Intended for healthcare professionals

Views And Reviews No Holds Barred

Margaret McCartney: Troubling leadership

BMJ 2016; 353 doi: (Published 11 May 2016) Cite this as: BMJ 2016;353:i2645
  1. Margaret McCartney,
  2. general practitioner
  1. Glasgow
  1. margaret{at}

Keith McNeil resigned as chief executive of Addenbrooke’s Hospital in 2015 shortly before the Care Quality Commission rated it inadequate.1 He was popular and highly regarded. But, like many other chief executives before him, he resigned after a short tenure, having found nurse recruitment expensive and difficult and in “challenging” financial circumstances.2 3 His colleagues wanted him to stay. If the NHS is so toxic that the leaders who are wanted can’t stay, we have a problem.

Calls to be a “leader” are endemic in the service. The NHS and a plethora of private providers run many courses aimed at clinicians and health service managers. Some are costly. Some promise career advancement.

I know many NHS staff with “leader” in their job title who are kind, clever, and fantastic at their job. But what I find troubling is not just the lack of evidence for meaningful outcomes in such courses but also the concept and practice of “leadership” in the first place.

The NHS supposedly has a shortage of leaders and has created a Leadership Academy. A tension exists, however, between leaders with an agenda based on evidence, professionalism, and experience, and “leaders” with tasks to implement, whether or not this is the best thing for patients and staff.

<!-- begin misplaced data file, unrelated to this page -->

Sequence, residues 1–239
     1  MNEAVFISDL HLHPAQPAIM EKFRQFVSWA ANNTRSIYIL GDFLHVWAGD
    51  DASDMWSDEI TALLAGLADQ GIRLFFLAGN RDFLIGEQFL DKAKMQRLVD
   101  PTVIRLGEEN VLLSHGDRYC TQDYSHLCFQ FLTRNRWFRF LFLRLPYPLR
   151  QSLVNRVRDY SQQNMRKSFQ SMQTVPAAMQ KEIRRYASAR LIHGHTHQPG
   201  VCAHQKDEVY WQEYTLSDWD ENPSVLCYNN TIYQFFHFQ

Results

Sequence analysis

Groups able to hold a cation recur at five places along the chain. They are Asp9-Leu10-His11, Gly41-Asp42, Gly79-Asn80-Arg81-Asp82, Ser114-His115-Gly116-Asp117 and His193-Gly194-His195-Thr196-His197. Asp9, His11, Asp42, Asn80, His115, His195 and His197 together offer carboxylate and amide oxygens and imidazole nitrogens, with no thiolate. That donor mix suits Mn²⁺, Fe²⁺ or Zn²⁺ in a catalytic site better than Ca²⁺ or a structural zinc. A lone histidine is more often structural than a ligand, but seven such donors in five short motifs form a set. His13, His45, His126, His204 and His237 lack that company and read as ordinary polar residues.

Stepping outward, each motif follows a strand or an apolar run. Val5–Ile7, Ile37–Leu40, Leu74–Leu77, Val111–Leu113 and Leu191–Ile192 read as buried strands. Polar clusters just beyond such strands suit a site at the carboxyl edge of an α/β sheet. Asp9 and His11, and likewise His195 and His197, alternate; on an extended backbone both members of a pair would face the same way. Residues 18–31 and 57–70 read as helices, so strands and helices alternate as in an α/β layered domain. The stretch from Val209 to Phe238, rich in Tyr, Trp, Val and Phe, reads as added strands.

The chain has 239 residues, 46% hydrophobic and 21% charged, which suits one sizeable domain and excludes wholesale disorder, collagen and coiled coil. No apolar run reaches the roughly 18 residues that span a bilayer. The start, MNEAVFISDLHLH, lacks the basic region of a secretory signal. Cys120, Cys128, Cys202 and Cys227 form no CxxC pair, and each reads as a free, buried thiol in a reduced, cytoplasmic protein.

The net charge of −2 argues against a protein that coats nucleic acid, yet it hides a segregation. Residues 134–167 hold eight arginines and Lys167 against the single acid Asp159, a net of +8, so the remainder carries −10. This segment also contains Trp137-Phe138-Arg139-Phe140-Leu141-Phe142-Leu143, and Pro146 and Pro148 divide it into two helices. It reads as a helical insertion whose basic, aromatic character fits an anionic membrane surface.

Broadly, leadership courses seem to say little about how to evaluate the evidence for the changes that are being implemented. Many contain pseudoscience. Not long ago, I discussed the evidence for a service re-disorganisation with a “leader for change management.” I explained how this intervention had been tried before, had made things worse, and had eventually been changed back. But it was clear that her job was to enforce the change—not to decide whether it was worth making.

The people who have led me to think better and more clearly—or, uncomfortably, about what I’m doing and why—have held several roles, and many have been at odds with the establishment.

The author Samuel Shem explained hospital medicine to me when I was a junior and still has much to say about the goodness of general practice (“Connection heals. Even in dying”).4 In his 1978 novel The House of God he explained that compassionate care involves breaking senseless rules: “The delivery of good medical care is to do as much nothing as possible.”

Shem is an inspirational doctor, but he was initially shunned by a medical establishment disgusted at the curtains being lifted on greedy, hypocritical healthcare. Unpopularity in some quarters may be a sign of someone who, if not defined by the NHS as a leader, should be.



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